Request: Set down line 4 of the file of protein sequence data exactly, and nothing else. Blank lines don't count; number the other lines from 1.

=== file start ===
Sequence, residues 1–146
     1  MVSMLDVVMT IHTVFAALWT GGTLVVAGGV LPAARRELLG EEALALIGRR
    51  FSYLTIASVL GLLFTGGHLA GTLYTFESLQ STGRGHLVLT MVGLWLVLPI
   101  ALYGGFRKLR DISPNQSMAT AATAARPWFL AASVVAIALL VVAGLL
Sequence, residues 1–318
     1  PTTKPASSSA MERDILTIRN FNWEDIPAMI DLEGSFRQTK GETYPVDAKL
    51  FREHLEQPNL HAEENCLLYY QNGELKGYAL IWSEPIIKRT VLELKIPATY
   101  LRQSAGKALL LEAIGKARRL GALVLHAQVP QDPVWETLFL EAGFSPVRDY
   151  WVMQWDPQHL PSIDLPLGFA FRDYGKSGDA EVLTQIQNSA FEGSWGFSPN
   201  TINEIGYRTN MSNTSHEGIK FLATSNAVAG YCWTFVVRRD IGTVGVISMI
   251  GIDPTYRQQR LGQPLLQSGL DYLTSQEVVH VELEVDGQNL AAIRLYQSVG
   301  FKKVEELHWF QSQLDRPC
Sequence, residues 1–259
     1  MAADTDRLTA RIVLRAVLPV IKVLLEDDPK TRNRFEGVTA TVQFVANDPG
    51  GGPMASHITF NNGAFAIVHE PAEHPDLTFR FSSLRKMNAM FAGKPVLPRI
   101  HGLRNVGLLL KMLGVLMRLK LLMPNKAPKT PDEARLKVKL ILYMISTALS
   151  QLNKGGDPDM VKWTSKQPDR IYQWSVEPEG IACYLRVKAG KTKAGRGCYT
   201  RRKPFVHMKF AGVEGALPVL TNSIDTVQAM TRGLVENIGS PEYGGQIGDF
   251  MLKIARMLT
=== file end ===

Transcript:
   101  ALYGGFRKLR DISPNQSMAT AATAARPWFL AASVVAIALL VVAGLL